African Health

Publications

Access to institutional delivery care and reasons for home delivery in three districts of Tanzania

Exavery A, Kanté AM, Njozi M, et al. International Journal for Equity in Health 2014;13:48

Delivering at health facilities enables women to receive proper medical attention and care during childbirth, and is encouraged as a single most important strategy in preventing maternal and neonatal deaths. This study assesses facilitators and barriers to institutional delivery in the Rufiji, Kilombero and Ulanga districts of Tanzania. Multivariate analysis showed that institutional delivery is relatively high and significantly dependent on the quality of antenatal care (ANC), better socioeconomic status and between-partner communication about family planning.

 

The Tanzania Connect Project: a cluster-randomized trial of the child survival impact of adding paid community health workers to an existing facility-focused health system

Ramsey K, Hingora A, Kante M, et al. BMC Health Services Research 2013;13(Suppl 2):S6.

Tanzania has been a pioneer in establishing community-level services, yet challenges remain in sustaining these systems and ensuring adequate human resource strategies. Utilization for many services proven to reduce child and maternal mortality is unacceptably low. Tanzanian policy initiatives have sought to address these problems by proposing expansion of community-based providers, but the Ministry of Health and Social Welfare (MoHSW) lacks evidence that this merits national implementation. The Tanzania Connect Project is a randomized cluster trial located in three rural districts with a population of roughly 360,000 (Kilombero, Rufiji and Ulanga).

 

How mistimed and unwanted pregnancies affect timing of antenatal care initiation in three districts in Tanzania

Exavery A, Kanté AM, Hingor A, Mbaruku G, Pemba S, Phillips JF. BMC Pregnancy and Childbirth 2013;13:35.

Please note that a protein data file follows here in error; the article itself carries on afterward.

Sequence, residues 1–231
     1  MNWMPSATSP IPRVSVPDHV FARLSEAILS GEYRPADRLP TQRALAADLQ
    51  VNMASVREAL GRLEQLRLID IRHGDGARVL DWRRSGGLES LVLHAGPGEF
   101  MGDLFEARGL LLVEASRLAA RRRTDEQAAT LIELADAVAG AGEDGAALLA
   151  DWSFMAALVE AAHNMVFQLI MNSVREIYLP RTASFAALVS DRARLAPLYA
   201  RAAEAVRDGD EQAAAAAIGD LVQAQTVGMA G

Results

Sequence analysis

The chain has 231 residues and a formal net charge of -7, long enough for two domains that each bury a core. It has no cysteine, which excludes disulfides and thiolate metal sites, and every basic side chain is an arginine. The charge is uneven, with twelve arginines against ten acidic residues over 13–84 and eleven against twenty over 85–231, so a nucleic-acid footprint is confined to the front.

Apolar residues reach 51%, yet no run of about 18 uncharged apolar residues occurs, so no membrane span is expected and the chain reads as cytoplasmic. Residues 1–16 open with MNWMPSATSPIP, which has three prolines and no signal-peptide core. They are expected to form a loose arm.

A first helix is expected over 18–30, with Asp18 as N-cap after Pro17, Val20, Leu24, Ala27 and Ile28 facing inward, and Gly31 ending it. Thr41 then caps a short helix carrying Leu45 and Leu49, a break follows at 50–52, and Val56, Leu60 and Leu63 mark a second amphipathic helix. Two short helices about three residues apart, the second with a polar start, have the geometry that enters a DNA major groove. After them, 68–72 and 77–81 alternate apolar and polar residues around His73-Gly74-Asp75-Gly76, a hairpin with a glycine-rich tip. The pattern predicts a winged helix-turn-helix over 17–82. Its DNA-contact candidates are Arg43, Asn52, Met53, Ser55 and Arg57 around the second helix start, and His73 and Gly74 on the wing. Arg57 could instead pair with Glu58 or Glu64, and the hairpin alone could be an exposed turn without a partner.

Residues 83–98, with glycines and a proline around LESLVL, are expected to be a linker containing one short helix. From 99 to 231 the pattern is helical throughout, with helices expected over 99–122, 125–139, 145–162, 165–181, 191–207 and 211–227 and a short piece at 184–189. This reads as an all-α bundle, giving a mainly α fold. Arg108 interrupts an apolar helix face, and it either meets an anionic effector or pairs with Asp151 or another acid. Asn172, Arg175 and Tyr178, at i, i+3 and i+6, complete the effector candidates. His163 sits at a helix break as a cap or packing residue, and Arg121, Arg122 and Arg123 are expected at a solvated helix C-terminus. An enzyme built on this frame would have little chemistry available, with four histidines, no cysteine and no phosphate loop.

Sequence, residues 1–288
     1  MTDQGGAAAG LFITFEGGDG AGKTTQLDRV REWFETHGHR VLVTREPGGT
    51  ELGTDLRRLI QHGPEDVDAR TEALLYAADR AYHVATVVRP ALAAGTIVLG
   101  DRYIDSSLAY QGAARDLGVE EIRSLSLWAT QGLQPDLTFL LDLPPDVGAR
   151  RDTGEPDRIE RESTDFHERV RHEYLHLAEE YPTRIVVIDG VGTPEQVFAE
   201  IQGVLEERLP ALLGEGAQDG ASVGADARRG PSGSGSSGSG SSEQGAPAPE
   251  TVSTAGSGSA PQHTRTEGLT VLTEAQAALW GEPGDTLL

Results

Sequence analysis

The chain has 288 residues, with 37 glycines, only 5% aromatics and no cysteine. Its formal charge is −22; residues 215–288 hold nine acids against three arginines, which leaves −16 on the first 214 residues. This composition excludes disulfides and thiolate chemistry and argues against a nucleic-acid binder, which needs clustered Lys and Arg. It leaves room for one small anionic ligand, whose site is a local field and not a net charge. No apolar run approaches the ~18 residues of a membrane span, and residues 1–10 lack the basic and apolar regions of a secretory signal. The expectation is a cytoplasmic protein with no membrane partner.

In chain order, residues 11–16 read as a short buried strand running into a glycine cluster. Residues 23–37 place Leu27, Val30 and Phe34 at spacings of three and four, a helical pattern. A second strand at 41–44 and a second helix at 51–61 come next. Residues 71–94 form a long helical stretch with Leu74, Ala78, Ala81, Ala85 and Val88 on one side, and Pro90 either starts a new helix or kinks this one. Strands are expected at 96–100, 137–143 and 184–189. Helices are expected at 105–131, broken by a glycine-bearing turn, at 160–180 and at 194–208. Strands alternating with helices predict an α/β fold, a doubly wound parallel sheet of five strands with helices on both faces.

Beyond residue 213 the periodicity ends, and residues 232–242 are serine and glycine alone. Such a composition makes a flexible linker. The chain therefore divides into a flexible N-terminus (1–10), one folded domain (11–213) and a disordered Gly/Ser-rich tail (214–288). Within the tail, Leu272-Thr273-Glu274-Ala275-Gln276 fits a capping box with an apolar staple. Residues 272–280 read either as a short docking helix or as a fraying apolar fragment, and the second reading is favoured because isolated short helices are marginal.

Early antenatal care (ANC) initiation is a doorway to early detection and management of potential complications associated with pregnancy, and consequently reduces potential maternal and newborn morbidity and mortality. Although the literature reports various factors associated with ANC initiation such as parity and age, pregnancy intentions is yet to be recognized as a possible predictor of timing of ANC initiation. Late ANC initiation is a significant maternal and child health consequence of mistimed and unwanted pregnancies in Tanzania. Appropriate counseling to women, especially those who happen to conceive unintentionally, is needed to minimize the possibility of delaying ANC initiation.

 

Role of condom negotiation on condom use among women of reproductive age in three districts in Tanzania

Exavery A, Kanté AM, Jackson E, et al. BMC Public Health 2012;12:1097.

In regions such as sub-Saharan Africa where women are disproportionately infected with HIV, women are reportedly less capable of negotiating condom use. While knowledge of condom use for HIV prevention is extensive among men and women in many countries, including Tanzania, evidence is limited about the role of condom negotiation on condom use among women in rural Tanzania.This study addresses this gap with the following objectives: (1) to determine the proportion of women with confidence to negotiate condom use with their sexual partners, (2) to describe the prevalence of condom use at the last sexual intercourse and (3) to assess the linkage between condom negotiation and condom use among 15- to 49-year-old women in three districts (Rufiji, Kilombero and Ulanga) in Tanzania. Results show that confidence to negotiate condom use is a significant predictor of actual condom use among women in rural Tanzania.